By now you have no doubt heard about the death of legendary film critic Roger Ebert. After a long, valiant battle with cancer, Ebert finally succumbed to his illness (somewhat abruptly) at the age of 70. There are many better, more eloquent farewells making the rounds on the Internet and I will link to some that have caught my attention at the end of this post. But I would be embarrassingly remiss if I didn’t add a small, insignificant entry into the outpouring of reflection that has broken out over the last 24 hours. So let me start off by saying that, for me, Roger Ebert WAS film criticism and if it wasn’t for him, The Soap Box Office would not exist.
There is a moment in the life of every film critic, whether professional or horrifically amateur, in which he or she suddenly understands that movies can be more than just simple entertainment. For me that moment came during my first viewing of The Shawshank Redemption. I was probably 13 years old and it was the first film that I understood to be truly significant. That is a story for another day but I bring it up now because it was also the moment when Roger Ebert came into my life. Before that revelation, I went to see the movies my parents allowed me to see and I didn’t spend much, if any time, considering the merits of films that weren’t the kid-to-pre-teen-oriented blockbusters that rolled through every couple of weeks. Shawshank changed all that as it opened me up to a world I hadn’t been aware of before, a world where somewhere between three and seven new films came to theaters every week and while some of them were the big movies I was used to seeing previews for, some were completely unknown to anyone within my general sphere of influence. With the Internet still in its infancy, however, (and I’m not sure if we even had dial up at that point), there weren’t a whole lot of outlets for film discovery. But there was At the Movies.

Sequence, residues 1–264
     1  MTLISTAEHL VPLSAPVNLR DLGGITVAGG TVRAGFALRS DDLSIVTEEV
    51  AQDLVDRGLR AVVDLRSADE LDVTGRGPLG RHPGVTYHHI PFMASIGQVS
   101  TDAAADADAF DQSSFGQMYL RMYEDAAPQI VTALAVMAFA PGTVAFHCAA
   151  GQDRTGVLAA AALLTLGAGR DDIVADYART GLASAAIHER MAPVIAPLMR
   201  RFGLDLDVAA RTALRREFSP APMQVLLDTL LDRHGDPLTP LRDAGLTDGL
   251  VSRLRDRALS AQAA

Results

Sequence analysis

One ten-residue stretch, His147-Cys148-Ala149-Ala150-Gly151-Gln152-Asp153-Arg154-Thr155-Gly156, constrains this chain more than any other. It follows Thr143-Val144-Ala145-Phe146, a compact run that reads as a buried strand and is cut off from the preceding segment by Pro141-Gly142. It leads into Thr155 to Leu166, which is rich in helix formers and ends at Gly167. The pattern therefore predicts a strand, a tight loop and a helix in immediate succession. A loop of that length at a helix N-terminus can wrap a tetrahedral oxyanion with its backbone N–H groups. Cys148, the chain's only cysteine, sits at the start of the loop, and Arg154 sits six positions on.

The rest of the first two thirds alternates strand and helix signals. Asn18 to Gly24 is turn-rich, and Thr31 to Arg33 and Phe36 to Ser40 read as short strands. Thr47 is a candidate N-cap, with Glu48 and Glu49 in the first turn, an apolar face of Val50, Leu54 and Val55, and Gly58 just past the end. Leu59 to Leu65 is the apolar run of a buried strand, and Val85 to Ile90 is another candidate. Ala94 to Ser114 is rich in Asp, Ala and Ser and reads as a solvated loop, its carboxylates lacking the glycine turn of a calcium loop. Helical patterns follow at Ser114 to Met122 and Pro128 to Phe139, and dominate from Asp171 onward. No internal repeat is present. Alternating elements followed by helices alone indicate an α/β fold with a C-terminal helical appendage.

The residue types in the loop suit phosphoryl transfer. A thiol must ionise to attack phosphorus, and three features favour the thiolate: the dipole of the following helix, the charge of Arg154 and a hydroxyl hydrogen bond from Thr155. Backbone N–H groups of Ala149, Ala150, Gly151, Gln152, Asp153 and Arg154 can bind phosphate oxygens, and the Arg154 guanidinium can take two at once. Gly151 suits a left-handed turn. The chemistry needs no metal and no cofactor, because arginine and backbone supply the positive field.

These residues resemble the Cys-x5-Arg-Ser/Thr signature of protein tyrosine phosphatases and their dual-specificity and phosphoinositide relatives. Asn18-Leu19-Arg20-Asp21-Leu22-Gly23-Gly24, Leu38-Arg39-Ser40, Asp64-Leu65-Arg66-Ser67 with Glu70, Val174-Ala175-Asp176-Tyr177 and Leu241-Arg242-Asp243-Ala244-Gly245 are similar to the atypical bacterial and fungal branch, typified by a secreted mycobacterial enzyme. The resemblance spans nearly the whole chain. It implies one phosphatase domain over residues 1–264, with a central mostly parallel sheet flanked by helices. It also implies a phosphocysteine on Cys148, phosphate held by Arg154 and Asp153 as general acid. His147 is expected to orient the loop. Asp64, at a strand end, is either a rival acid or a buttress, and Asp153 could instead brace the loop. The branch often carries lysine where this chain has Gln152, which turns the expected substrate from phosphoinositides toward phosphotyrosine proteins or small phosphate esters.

Shortly after my Shawshank epiphany, I became aware of a late-night program that focused entirely on two men debated, talked about, and even fought over movies of all shapes and sizes. It was a little slice of heaven that became must-see TV for me at a time when I hardly watched any TV that wasn’t Boy Meets World or sports-related. I didn’t get to watch it every week (and for the life of me I can’t remember if it was broadcast on Saturday nights or Sunday nights) but any chance I got I soaked up the immense power of At the Movies. The chemistry that Roger Ebert and Gene Siskel had was the sort of thing that even the best romantic comedies can only dream of creating. They respected each other but at times you weren’t sure that they actually liked each other. It was a complicated relationship that at times got personal but never lost sight of the thing they both loved so deeply: the cinema. Both Ebert and Siskel were unequivocally passionate about film and would hold to their varied opinions about a given film to the very end. There have been a thousand talking heads/debate shows to come down the chute in recent years, particularly in the sports world, but none have been nearly as natural as At the Movies was because none of them displayed genuine passion the way that show did.